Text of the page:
Subject of a quality assurance investigation?
We defend military medical providers.
Army Navy Air Force
Uniformed, Civilians, Contractors
"The biggest mistake providers make is thinking they can talk their way to immediate reinstatement when notified of a summary suspension of privileges. That 'talking' often is more harmful than helpful."
- Attorney Patrick Korody
Attorney Patrick Korody spent 10 years on active duty as a Navy Judge Advocate. He has invaluable experience defending military medical providers accused of professional and personal misconduct, clinical incompetence, or impairment while working at military treatment facilities (MTFs).
Mr. Korody dedicates a significant portion of his practice to defending military doctors, nurses, and other providers facing adverse privileging actions by military authorities and the Defense Health Agency (DHA) Initiated Under DHA-PM 6025.13, Volume 3.
"Save your license. Save your career."
Worldwide Representation of Military Medical Providers
Consequences of an adverse privileging action.
Privileges will be denied, suspended, restricted, reduced or revoked.
Permission to engage in off-duty employment will be revoked.
Military members may be processed for separation.
Civilians and contractors may have employment terminated.
The action will be reported by the Defense Health Agency to the National Practitioner Data Bank (NPDB) and state licensing authorities.
The Process - DHA-PM 6025.13
If allegations are made that the provider engaged in misconduct or is impaired or incompetent, the privileging authority must determine whether or not a full investigation is warranted. The rules favor a full investigation following any allegation of misconduct or impairment that is not determined to be baseless through preliminary inquiries.
During the investigation, a privileging authority will normally place the provider’s privileges in summary suspension, meaning that he or she is commonly not permitted to practice medicine. A notice that a provider’s privileges are in summary suspension is normally the first notice given to the provider that his/her privileges are at risk of being suspended, reduced, or revoked. As of October 1, 2019, when DHA-PM 6025.13 became effective and replaced the governing DoDI and service regulations, summary suspensions in effect for more than 30 days are reported to the National Practitioner's Data Bank (NPDB).
Quality Assurance Investigation.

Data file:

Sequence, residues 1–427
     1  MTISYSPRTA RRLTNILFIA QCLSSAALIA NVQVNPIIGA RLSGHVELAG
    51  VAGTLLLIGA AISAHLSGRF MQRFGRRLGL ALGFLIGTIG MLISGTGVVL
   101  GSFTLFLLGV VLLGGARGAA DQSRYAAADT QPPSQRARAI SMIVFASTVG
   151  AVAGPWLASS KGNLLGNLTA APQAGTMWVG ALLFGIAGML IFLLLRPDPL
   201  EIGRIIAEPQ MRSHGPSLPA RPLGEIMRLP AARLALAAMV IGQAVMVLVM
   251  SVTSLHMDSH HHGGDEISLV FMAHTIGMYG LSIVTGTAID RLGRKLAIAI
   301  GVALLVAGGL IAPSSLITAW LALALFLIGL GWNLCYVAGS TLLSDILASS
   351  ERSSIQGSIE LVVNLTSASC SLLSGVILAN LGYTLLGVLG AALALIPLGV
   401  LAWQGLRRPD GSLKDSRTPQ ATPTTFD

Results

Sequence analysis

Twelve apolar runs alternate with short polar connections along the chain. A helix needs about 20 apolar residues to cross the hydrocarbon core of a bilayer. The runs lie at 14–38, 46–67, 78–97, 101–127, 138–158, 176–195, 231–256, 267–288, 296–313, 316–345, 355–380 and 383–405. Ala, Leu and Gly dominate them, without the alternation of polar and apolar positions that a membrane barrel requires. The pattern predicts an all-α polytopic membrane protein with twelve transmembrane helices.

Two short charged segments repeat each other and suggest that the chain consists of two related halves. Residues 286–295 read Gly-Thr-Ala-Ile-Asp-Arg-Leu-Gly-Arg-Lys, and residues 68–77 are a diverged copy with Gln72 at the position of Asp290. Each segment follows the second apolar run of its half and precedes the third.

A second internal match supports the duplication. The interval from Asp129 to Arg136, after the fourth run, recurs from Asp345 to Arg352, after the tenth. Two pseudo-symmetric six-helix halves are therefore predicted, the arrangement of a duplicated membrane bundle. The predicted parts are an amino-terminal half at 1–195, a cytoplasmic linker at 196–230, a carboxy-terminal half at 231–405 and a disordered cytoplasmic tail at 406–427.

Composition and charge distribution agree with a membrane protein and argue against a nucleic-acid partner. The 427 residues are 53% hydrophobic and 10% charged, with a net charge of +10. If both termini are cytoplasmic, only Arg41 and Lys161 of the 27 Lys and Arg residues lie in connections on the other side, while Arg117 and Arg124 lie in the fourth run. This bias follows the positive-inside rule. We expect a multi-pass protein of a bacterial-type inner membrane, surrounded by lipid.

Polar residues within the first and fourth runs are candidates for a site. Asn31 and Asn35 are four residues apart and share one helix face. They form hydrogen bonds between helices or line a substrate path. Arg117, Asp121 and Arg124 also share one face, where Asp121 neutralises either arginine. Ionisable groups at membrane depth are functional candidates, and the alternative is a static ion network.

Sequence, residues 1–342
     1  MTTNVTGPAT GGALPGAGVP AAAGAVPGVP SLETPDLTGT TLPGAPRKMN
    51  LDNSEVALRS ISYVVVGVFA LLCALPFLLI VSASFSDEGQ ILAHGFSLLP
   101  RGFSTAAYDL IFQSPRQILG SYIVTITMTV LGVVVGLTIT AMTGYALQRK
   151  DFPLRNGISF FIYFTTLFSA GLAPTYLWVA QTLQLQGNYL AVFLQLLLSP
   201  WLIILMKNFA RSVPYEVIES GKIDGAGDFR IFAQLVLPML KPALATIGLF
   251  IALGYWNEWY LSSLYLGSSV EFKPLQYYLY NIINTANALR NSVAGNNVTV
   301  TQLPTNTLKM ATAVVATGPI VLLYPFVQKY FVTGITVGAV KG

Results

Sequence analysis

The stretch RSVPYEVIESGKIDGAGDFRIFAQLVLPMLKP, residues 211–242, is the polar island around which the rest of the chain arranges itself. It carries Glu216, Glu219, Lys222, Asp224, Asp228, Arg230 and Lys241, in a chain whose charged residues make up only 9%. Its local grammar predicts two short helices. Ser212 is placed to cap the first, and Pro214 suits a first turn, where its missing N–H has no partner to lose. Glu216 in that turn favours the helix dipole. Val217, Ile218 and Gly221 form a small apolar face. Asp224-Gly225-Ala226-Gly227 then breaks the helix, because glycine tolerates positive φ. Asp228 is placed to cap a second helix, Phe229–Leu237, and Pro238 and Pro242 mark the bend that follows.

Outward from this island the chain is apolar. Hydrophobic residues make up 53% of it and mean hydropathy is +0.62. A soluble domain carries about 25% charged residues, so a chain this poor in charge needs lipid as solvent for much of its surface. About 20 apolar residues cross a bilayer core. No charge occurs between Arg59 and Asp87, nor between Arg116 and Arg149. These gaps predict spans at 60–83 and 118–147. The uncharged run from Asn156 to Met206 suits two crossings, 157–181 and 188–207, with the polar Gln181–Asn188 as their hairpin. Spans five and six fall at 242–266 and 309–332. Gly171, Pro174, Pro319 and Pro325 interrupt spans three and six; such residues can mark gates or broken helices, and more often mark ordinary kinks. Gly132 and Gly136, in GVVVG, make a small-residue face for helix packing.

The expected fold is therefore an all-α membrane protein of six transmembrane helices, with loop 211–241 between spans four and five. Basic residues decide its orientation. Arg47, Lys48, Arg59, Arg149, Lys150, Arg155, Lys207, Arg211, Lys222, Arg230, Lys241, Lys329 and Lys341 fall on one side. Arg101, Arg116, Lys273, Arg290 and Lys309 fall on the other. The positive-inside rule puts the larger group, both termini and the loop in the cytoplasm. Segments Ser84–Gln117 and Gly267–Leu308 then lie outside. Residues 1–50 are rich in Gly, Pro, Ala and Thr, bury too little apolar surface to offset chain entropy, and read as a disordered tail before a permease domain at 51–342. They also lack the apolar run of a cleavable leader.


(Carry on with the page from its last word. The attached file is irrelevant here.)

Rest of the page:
An investigating officer, normally a provider with similar experience and training, will be appointed to investigate the allegations. The investigation is normally not limited to a specific case and may encompass a provider's entire practice of medicine or a sampling of the provider's entire practice. The provider is no longer interviewed during the investigation but is given a redacted copy of the investigation to provide comments.
Comments by the Provider.
The investigation will be given to the provider to provide comments. The investigation should include all enclosures and the provider should be given access to relevant medical records.
Review by Credentialing Board.
The investigation and provider comments will be reviewed by the MTF's credentialing board (Credentialling Committee), who will normally make a recommendation to the MTF commander on what action to take against the provider.
Commander's Initial Decision.
The MTF commander will review the investigation and recommendations and will direct reinstatement with or without monitoring and evaluation or propose an adverse clinical action (reduction, suspension, revocation).
Clinical Adverse Actions and Adverse Privileging Actions for military doctors, nurses, and other providers are governed by DHA-PM 6025.13 Volume 3 as of October 1, 2019.
A provider's primary due process right is an adversarial hearing before a panel of providers. Witnesses will be called. Evidence will be admitted. The MTF is normally represented by a physician and legal advisor. A majority of the hearing panel members must be peers of the provider under review.
Hearing Findings and Recommendations.
The panel deliberates and makes findings for each allegation and makes recommendations as to what, if any, adverse action should be taken against the provider. The hearing panel can also recommend reinstatement or reinstatement with monitoring and evaluation.
Commander's Final Action.
The MTF commander will review the hearing findings and recommendation and then take final action.
If an adverse action is taken, the provider has the right to a written appeal to the Report Authority. The Report Authority depends is either Director of the DHA or the service's senior medical commander if the provider is not privileged by a Privileging Authority falling under the DHA.
Final Action and Reporting.
If the adverse action is final, reports will be made to the NPDB and state licensing authorities.